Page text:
A farewell to comments
There was a time when Facebook was a place for college students and recent grads to share with friends. A time when most Wareham residents probably thought a “Twitter feed” had something to do with scattering seed for songbirds. A time when this then-politically-polarized town needed a neutral online space to discuss issues and comment on town happenings.
Thus, when Wareham Week and its accompanying website were launched in January of 2010, that website included an easy-to-use function for readers to comment on stories, comment on others’ comments and even begin discussion of a topic without waiting for it to be raised by a staff writer.
I used this space to encourage readers to sign up and “join the conversation.” Many of you joined. The conversation grew to include hundreds of readers of all ages and political persuasions.
Sure, the robust debate needed some watching for the occasional commenter who stepped over the line. Staffers would periodically jump into the conversation to remind folks to keep it civil and on topic. But, by and large, participants produced a lively, useful forum for the many other residents who came to our site to read what other citizens had written.
It was the kind of forum we had hoped to create. Now it is a function that has outlived its useful life.
As of today, we have eliminated the ability to comment on stories on WarehamWeekToday.com.
In 2019, Wareham has multiple social media forums on which issues are discussed. Our commenters have dwindled to at most a couple dozen people who are not representative of the broad swath of Wareham residents.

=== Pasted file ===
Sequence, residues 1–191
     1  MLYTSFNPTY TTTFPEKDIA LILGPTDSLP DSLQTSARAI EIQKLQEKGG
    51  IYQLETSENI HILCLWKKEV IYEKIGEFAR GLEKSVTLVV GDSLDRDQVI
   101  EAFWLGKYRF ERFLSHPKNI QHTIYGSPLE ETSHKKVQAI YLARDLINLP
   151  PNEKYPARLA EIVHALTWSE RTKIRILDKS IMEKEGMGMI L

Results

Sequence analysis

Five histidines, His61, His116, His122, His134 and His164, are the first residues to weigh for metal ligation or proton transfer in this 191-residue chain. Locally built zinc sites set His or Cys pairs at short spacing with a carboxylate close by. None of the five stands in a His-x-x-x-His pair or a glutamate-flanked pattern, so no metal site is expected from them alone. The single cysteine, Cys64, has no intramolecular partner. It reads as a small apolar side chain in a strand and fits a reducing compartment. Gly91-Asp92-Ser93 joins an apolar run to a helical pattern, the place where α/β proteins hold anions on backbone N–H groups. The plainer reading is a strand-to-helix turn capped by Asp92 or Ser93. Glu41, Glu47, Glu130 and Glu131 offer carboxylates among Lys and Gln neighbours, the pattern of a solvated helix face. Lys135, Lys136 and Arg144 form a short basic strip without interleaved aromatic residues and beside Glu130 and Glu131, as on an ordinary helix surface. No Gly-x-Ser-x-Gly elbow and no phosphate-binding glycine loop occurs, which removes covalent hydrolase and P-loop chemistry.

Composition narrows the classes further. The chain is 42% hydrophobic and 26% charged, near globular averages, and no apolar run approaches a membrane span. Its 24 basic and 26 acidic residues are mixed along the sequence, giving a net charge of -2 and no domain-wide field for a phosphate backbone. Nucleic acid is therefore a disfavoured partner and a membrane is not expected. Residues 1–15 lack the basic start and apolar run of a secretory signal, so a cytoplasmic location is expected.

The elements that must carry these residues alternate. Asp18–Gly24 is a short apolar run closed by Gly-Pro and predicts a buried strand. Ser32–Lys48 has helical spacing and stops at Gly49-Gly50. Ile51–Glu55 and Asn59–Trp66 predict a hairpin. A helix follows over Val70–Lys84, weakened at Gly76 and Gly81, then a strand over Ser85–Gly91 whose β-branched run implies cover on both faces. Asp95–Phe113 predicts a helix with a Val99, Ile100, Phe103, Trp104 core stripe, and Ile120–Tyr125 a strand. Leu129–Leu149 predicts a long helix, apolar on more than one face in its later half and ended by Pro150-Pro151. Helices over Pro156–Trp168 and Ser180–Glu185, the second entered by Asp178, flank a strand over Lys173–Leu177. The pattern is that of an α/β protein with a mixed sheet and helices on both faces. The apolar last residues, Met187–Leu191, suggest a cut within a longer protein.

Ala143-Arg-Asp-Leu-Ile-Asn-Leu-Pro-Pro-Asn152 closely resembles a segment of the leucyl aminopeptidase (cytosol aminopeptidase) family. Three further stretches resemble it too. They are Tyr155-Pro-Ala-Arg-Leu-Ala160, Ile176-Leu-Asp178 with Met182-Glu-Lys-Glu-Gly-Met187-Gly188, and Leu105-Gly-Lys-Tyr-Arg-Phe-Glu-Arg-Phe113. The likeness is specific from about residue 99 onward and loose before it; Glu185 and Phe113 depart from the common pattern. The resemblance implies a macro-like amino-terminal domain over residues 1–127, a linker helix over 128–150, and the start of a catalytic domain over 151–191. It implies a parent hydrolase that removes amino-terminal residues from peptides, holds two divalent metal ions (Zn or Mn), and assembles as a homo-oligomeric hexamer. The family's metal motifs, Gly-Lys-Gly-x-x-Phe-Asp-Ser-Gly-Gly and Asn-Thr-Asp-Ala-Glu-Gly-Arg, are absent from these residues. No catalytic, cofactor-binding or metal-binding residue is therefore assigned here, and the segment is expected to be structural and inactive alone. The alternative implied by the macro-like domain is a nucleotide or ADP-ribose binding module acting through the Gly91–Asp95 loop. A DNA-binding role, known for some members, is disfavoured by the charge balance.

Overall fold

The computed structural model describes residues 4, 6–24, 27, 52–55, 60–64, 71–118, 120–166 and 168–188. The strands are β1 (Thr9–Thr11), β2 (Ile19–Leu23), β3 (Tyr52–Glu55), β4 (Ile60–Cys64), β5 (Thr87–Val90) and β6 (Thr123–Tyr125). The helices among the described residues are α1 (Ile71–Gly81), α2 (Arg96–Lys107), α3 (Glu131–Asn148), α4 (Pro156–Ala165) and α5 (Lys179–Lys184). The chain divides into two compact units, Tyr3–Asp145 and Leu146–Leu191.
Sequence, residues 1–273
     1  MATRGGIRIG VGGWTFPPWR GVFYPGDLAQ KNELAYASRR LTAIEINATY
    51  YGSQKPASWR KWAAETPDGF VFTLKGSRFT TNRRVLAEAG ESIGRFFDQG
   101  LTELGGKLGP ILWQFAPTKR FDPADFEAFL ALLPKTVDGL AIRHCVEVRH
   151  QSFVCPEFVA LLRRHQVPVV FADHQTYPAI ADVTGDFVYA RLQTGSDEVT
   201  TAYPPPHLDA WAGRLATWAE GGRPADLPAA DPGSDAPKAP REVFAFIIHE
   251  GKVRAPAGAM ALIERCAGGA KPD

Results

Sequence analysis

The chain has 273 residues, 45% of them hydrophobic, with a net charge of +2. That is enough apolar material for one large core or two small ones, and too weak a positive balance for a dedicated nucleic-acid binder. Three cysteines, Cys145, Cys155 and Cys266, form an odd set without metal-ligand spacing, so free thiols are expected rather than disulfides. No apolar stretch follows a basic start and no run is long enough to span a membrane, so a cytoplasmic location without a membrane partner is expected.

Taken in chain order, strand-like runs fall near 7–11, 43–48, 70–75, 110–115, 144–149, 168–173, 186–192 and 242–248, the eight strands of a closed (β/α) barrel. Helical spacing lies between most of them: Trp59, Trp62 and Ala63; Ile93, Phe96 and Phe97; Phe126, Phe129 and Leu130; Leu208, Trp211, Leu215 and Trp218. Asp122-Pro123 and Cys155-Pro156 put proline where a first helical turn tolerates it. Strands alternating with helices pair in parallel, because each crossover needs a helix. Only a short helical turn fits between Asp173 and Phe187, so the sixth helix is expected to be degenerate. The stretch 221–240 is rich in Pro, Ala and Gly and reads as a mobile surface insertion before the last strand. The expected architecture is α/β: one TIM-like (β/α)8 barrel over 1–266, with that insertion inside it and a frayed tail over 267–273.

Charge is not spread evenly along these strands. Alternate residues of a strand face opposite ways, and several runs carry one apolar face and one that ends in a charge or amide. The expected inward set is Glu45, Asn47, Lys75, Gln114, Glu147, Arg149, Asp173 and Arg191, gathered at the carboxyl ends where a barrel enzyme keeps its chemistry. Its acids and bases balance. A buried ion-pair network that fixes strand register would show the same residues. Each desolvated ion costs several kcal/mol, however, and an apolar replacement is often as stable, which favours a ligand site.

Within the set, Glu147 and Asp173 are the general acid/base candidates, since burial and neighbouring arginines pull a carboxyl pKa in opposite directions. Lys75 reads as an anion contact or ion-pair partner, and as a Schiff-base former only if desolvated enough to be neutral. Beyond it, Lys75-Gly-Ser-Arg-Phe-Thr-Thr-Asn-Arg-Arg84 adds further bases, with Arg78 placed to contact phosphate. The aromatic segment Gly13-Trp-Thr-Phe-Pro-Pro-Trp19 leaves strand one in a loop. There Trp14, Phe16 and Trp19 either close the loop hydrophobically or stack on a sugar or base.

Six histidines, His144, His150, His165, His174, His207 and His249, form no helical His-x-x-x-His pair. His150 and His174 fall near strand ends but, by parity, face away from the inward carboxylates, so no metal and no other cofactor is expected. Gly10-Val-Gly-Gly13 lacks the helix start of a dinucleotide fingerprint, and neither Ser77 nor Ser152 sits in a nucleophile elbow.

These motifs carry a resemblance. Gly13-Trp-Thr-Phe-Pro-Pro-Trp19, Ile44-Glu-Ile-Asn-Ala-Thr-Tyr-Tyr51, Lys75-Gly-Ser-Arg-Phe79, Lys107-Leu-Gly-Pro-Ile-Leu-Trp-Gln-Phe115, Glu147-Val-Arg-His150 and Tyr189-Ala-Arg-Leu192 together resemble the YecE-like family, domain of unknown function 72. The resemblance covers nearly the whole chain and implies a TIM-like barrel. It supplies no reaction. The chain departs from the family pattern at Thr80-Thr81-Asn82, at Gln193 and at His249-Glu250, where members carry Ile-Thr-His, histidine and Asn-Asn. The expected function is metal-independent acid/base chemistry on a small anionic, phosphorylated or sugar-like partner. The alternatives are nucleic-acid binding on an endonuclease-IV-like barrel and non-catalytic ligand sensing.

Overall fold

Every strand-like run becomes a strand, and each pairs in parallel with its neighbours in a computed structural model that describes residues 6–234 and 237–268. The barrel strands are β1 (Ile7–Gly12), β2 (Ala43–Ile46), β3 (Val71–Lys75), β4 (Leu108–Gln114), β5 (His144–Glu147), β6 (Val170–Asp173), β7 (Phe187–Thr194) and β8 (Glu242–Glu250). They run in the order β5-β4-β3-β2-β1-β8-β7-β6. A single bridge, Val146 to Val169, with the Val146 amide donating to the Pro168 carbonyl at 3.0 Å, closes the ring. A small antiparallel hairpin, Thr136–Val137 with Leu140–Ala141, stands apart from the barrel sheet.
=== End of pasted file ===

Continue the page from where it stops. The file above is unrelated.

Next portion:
And, in a challenging world for journalism – both economically and politically – we need to rededicate ourselves to covering the news fully, fairly, factually and with an element of fun where warranted.
Wareham Week employs two full-time journalists. While that is at least double what any other news outlet offers this town, it’s not a lot of personpower spread across everything that happens here. Staffers don’t need to be devoting time to deciding whether a specific comment made by one of a small group of commenters is inappropriate (take it down) or just snarky (leave it up).
We continue to invite signed letters to the editor, written or emailed news tips (signed or anonymous), phoned-in or emailed or written comments on anything we write. (Criticism is welcome. It keeps us on our toes.) I can be reached at firstname.lastname@example.org, Editor Chloe Shelford at email@example.com, reporter Nadya Korytnikova at firstname.lastname@example.org or any of us at 508-322-7157. We still want to hear from you!